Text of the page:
There are about a few nice trails that wind through and around the state park, including the Appalachian Trail. The AT doesn’t come directly into the park but it’s still pretty accessible if you want to do some day hiking while camping at Vogel State Park. From the campground take the Coosa Backcountry Trail. It’s a 12.9-mile loop trail, but do reach the AT turn left when you reach the loop and continue to a short spur trail that leads to the AT. If you want to stick to the Coosa Trail it will eventually climb over a couple of mountains with a gain of about 1900′ in elevation so it’s kinda strenuous.
The Bear Hair Gap Trail is a shorter 4.1-mile loop that’s easier on the knee joints with only a 600′ change in elevation. The loop begins with the spur trail in the campground, crosses over the Coosa Trail, winds around the forest leading to the Vogel Overlook, then returns to the Coosa Trail and back to the campground. It’s a more pleasant hike and better for children.
The 0.8-mile Byron Herbert Reece Nature Trail is a very small loop trail with a very gradual 200′ change in elevation. It’s a great trail if you have restless legs and just feel the need to get out and walk a little bit.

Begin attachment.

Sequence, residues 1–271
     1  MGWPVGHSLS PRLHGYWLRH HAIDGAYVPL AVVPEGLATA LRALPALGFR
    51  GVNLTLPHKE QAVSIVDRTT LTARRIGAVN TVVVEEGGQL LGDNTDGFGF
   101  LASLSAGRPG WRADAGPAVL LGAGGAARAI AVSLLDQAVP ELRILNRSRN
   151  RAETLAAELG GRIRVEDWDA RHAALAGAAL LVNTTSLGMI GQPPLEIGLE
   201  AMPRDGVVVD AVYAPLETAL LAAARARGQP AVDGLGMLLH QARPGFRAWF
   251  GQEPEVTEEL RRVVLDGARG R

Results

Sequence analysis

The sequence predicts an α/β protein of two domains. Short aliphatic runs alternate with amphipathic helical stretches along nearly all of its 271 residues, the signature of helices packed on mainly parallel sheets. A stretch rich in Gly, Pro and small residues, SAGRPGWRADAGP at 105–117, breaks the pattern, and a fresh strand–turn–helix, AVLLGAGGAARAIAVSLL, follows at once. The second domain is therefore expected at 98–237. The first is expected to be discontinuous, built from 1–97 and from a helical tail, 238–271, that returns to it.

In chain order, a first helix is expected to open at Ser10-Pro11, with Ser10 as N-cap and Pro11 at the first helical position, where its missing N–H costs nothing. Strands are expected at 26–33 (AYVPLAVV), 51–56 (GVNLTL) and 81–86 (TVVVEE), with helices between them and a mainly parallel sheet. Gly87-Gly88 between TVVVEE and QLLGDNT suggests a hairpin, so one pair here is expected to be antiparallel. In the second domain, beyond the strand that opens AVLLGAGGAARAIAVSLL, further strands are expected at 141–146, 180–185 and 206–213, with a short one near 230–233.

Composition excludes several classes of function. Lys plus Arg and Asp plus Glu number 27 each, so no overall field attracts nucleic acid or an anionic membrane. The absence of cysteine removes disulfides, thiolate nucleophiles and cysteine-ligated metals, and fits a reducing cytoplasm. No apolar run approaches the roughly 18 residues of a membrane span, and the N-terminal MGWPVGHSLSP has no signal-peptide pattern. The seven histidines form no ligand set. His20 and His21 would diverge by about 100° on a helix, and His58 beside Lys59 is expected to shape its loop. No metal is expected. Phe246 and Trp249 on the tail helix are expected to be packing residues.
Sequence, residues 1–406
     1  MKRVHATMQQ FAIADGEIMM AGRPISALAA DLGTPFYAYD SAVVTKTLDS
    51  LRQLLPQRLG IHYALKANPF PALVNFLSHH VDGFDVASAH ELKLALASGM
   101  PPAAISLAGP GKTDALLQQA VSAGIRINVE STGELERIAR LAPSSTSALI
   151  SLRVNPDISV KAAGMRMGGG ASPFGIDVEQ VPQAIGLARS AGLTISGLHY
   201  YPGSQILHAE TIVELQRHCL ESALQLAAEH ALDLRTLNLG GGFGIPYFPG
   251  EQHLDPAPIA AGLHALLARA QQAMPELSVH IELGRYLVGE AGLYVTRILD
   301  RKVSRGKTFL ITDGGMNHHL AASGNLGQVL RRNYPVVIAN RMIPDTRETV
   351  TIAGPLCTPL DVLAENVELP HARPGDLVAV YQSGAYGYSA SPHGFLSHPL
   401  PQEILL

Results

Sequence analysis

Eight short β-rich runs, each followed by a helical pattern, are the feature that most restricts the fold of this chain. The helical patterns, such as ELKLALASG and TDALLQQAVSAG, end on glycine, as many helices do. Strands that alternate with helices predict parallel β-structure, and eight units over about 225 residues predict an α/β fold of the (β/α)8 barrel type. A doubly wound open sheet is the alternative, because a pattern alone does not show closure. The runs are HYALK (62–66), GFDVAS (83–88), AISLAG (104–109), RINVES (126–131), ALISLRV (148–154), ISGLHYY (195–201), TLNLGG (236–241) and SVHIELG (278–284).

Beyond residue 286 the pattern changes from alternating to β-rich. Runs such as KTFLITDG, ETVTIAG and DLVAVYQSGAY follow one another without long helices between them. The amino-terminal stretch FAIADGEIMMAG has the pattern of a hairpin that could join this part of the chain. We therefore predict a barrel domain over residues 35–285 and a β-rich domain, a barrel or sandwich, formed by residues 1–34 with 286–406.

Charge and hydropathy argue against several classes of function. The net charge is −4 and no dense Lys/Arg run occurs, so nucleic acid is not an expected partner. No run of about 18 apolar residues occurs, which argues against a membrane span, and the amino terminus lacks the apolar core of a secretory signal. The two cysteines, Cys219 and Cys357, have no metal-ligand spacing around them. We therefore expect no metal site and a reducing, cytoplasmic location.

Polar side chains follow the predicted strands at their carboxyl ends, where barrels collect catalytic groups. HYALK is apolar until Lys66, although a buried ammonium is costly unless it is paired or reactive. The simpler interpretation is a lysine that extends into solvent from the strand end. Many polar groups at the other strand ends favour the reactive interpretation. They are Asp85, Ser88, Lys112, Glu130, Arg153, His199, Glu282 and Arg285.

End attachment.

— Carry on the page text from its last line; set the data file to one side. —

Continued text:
The 1-mile Trahlyta Lake Loop Trail starts at the parking lot at one end of the lake. It’s the easiest trail in the park to hike and takes only about 20 minutes at a leisure pace. This trail leads to Trahlyta Falls at the far end of the lake.
I noticed this on my way out the next morning; a small putt-putt course. It’s very small and very simple but it’s a unique feature to a state park and sometimes the complexity of the course just doesn’t matter to kids. One nice feature, though, is the course is handicap accessible. The paths around the course are concrete and wide enough for a wheelchair. Now that is a very unique feature in a state park.
Vogel State Park is the very definition of a “night in the wilderness”. Come prepared. There is absolutely no cellphone reception in the campground area and it’s spotty throughout the rest of the park. Free wifi is available at the gift shop/visitor center but the bandwidth is limited with so many people trying to use it (in other words I couldn’t even load the Accuweather app to check on the weather).
There is limited food at the gift shop, mostly snacks and simple meal items. Be sure to bring whatever you need for breakfast/lunch/dinner including propane or charcoal with you. It’s not that far to get back to Blairsville (maybe 20 minutes) but do you really want to leave this beautiful park once you arrive? The gates also close each night so you don’t want to be caught outside.
There is a small laundry room beside the gift shop. Very small. It’s great if you need to do a small load but please don’t try to wash five loads of laundry and tie up the machines for hours.